Conceptual Image Lab (CILab) is the arm of NASA/Goddard Space Flight Center that produces animations to illustrate the organization’s missions and findings. CILab supports all four of NASA’s science themes: Astrophysics, Heliophysics, Planetary and Earth Science across all of their centers and affiliated institutions. CILab is made up of a team of four contracted artists that work closely with NASA scientists and engineers to communicate complex concepts in digestible short animated clips released to the public.

The studio produces anywhere from 40-50 animations per year, with each artist working independently on two-to-three different projects at any given time. With this high volume of content produced by a small team, artist Michael Lentz was looking for a solution to simplify project review processes with NASA scientists who are often based remotely yet need an easy way to collaboratively deliver feedback on the animations.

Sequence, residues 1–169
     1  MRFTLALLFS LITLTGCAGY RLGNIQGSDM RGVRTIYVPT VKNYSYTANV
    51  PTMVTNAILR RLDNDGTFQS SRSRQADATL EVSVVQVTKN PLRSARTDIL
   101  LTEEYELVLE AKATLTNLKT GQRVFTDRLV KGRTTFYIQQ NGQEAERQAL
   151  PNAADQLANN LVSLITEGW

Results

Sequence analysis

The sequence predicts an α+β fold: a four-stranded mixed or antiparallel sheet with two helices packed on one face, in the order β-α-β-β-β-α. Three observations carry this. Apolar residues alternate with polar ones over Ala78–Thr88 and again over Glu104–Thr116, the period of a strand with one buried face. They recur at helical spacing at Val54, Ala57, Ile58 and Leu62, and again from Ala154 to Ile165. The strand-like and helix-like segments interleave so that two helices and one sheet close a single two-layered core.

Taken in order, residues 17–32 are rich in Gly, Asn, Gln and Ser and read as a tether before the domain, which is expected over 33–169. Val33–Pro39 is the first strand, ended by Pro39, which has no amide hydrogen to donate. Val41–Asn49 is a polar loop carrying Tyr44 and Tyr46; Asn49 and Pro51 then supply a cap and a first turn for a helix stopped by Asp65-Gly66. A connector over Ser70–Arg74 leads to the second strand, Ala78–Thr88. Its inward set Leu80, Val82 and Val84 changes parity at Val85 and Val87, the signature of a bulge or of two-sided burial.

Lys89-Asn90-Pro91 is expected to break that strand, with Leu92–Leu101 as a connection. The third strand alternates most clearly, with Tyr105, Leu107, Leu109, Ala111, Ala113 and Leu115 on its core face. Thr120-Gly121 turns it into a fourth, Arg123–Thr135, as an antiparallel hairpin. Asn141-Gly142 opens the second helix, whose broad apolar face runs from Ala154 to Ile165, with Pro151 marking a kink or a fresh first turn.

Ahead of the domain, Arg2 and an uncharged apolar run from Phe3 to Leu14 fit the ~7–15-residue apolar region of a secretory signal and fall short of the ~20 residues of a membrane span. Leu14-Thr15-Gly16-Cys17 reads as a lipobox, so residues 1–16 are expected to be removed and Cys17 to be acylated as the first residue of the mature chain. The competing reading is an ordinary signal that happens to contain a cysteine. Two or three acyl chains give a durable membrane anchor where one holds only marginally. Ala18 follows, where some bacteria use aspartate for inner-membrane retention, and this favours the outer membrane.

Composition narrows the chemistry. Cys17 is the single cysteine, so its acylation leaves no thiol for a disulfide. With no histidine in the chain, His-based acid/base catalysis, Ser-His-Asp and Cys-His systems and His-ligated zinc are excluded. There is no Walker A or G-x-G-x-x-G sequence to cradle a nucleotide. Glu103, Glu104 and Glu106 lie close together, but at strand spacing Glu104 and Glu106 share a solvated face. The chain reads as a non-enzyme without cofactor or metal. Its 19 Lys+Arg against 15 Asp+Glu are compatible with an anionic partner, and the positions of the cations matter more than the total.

“We brought in Shotgun about a year ago, and it has completely transformed the way that we work,” said Lentz. “Being able to easily publish a playlist to the Client Review Site that our scientists can access via a single link to review, provide feedback and annotations, has saved hours of time in our production cycle.”

While the artists at CILab don’t regularly collaborate on projects, each artist runs their projects independently through Shotgun to keep track of the latest assets, versions and approval status. “I know that we’re really just scratching the surface of what Shotgun is capable of—but getting really easy and fast client review with Client Review Site makes adopting Shotgun worthwhile, and we look forward to diving into additional features in Pipeline Toolkit later this year,” Lentz continued. Animations at CILab are produced using Maya, composited in After Effects and edited in Final Cut Pro.

Recent projects completed by CILab include “Bennu’s Journey,” a six-minute animated movie about NASA’s OSIRIS-Rex mission, Asteroid Bennu and the formation of our solar system, and “Mars Evolution”.